Wednesday, March 19, 2008

HDFC Bank and Centurion Bank of Punjab - M&A analysis

For Strategist prepared by: Vishal Chopda [], Monil Chheda []

HDFC Bank – a brief profile
HDFC Bank is India's second largest having an average Return on Asset of 1.4%.
The bank has emerged as the second largest player in the retail arena (after ICICI Bank). With a growing branch network and expanding retail market, the bank has attained extensive expertise in the retail market. At end-Dec.’07, HDFC Bank’s retail loans constituted 53% of its loan book.
The corporate portfolio is more biased towards highly rated companies and the SME supply chains.
HDFC bank has been unable to add to its branch network over the past one year on account of non receipt of branch licenses from the RBI.
HDFC Bank’s share of low cost deposits stands at 51% as of December 2007, which is the most enviable feature vis-à-vis peers.
HDFC Bank’s asset quality (net NPAs at 0.4% of total advances) is very healthy.
Advance break-up
Corporate - 47%
Retail - 53%
Deposit break - up
Term - 49%
Current - 26%
Saving - 25%

Centurion Bank of Punjab – a brief profile
CBoP is a fast growing new generation private sector bank.
CBoP has a strong and experienced management team. The management has demonstrated a marked capability to integrate diverse organizations by successfully merging Bank of Punjab with itself. It had recently acquired Lord Krishna Bank, integration of which with CBoP operations is currently underway.
The bank follows a retail focused strategy with SME as a strong second engine.
The fee income share, at 40% as of December 2007and emanating from third party distribution of financial products, wealth management and foreign exchange business, is one of the best in the industry.
CBoP has an average CASA of 25% – a function of an improving but yet underutilized network franchise. A latent significant operating leverage continues to be the key attraction of the bank.
Advance break-up
Corporate - 40%
Retail - 60%
Deposit break - up
Term - 75%
CASA (Current Account & Saving Account) - 25%

Operational Statistics of HDFC and CBoP
HDFC Perspective
While the swap ratio of 1:29 for HDFC-CBOP merger turned out to be more favourable for HDFC Bank than expected by the market, the merger appears to be long-term positive on market cap to branch basis.
The market cap to branch ratio of HDFC Bank is Rs.721m where the same for CBOP is Rs. 238m. Hence, HDFC Bank has been able to buy the franchisee of CBOP at almost one-third of what the market is currently giving to its own franchisee.
If HDFC Bank manages to improve the productivity of these branches to even half the levels of HDFC Bank branches, the merger will become positive in longer term.
It is expected that HDFC Bank will take a one-time charge of ~Rs3.5bn – to be netted off against reserves – in order to clean up CBoP’s balance sheet at the time of the merger and to account for the merger related expenses. While the merger would be EPS dilutive for HDFC Bank in the interim, more clarity is required in terms of the initial write-off the entity would have to take.

CBoP Perspective
The bank has been valued at 4.7x FY08E BV. Given the fact that the profitability ratios of CBoP are quite low, this looks an expensive proposition for HDFC in the short run. Thus the deal is a profitable deal for CBoP who in all probabilities would have sold out to a foreign player past 2009.

Positives from the Merger
HDFC will get an access to 394 branches of CBoP and an increased presence in southern and northern states. At present, 170 of CBoP’s branches lie in the North, concentrated in the National Capital Region (NCR, 55), Punjab (78), Haryana (28); 150 of its branches are situated in the South, mainly in Kerala (91). The merger would provide the HDFC Bank with greater access to the North (Punjab and Haryana) as well as the South (particularly Kerala), thereby strengthening its presence in those regions.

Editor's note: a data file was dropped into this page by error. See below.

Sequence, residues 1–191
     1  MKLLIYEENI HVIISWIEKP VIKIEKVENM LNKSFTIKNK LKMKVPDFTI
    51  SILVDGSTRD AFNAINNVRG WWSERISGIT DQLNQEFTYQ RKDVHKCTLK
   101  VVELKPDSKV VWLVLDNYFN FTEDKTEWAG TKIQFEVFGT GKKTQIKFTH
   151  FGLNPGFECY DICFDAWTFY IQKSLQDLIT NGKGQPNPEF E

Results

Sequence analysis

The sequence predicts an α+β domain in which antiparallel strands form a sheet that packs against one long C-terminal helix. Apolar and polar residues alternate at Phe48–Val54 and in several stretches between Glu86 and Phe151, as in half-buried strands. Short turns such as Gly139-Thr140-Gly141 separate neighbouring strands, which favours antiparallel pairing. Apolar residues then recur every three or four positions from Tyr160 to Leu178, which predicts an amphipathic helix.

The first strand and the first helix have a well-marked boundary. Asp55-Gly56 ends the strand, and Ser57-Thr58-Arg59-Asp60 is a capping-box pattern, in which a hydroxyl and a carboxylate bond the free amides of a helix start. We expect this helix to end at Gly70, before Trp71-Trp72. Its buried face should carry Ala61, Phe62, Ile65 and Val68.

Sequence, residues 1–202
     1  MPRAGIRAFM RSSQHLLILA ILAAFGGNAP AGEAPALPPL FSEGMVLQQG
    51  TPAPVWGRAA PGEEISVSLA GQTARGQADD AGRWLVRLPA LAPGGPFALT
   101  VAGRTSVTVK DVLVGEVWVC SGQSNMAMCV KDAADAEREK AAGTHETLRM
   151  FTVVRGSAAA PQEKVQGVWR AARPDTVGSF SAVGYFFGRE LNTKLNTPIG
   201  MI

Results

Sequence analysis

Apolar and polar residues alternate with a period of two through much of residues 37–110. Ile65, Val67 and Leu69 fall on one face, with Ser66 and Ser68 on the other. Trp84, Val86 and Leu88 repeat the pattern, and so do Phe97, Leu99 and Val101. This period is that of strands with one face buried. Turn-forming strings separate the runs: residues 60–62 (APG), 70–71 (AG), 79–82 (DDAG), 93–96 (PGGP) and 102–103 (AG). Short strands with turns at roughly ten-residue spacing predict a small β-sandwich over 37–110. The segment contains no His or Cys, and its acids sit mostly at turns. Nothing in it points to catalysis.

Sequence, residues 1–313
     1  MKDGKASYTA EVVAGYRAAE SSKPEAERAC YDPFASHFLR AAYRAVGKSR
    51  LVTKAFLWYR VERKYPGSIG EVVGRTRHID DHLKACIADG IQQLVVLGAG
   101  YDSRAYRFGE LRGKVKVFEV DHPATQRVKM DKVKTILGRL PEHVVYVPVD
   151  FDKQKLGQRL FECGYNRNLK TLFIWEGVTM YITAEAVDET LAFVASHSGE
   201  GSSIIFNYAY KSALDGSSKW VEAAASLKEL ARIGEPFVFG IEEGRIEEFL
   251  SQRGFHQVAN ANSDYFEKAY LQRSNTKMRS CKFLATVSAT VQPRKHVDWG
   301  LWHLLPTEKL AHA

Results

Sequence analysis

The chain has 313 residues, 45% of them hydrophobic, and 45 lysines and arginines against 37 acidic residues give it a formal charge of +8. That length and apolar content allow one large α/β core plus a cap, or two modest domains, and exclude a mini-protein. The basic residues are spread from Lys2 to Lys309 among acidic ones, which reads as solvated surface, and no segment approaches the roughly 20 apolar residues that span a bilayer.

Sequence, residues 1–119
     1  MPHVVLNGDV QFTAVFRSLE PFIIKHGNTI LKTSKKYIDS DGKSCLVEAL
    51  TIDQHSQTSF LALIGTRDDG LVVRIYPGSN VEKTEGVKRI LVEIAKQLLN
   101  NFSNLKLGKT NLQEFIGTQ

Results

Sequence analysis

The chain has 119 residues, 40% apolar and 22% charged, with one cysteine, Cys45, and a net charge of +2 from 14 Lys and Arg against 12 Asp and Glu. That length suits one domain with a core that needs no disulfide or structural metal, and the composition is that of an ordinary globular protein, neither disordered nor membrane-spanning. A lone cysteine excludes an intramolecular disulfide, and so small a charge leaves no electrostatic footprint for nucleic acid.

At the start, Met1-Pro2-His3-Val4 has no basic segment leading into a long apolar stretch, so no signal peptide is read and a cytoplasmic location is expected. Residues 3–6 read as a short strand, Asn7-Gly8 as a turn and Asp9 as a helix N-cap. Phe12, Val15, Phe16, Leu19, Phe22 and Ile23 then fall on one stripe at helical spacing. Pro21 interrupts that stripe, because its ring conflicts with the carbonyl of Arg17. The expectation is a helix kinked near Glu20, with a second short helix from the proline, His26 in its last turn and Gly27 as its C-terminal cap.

Apart from the strong retail focus of both the banks, CBoP’s strong SME relationships will complement HDFC bias towards highly rated corporates thus expanding HDFC’s base.
The merger will result in the creation of India’s 7th largest bank, just behind public giants like Bank of Baroda, Bank of India.

An important gain for HDFC Bank is induction of a strong and capable management team with extensive industry experience and proven capabilities.

Post Merger Scenario
Retail segment will continue to be the main focus for the combined entity and would be the crucial growth driver.
Post merger of HDFC-CBOP, HDFC’s stake in HDFC Bank is projected to fall to 18.7% (including ESOPs allotment). However, HDFC Bank is expected to issue 26.3 m shares to HDFC on preferential basis, which will enable HDFC to maintain its stake of 23.28% post merger. Hence, HDFC is expected to infuse around Rs.39bn to HDFC bank to maintain its current ownership.
Due to an influx of 394 branches from CBoP, there will be a significant increase in the number of branches for HDFC. There is significant scope for improvement in utilization of the branch network, as branch/ employee productivity is still way below that for the peer group. As the combined entity leverages the CBoP’s branch network, the opex to average asset will continue to trend down. The opex to average asset is expected to decline from 3.4% in FY08 to 3.28% in FY10.
CBoP currently has a weaker asset profile with net NPAs of 1.6% as against 0.4% for HDFC Bank. Going forward, HDFC Bank (combined entity) would aim to maintain its NPA profile at these levels, which would require a charge of ~Rs2bn. In addition, it is expected that HDFC Bank would provide for another Rs1.5bn towards any potential NPAs.

IDFC-SSKI Research
Enam Securities Research
SBICap Securities Research
Anand Rathi Securities Private Ltd Research

1 comment:

deepti said...

very good..analysis..keep up the good work,,,n keep hlping us..thanku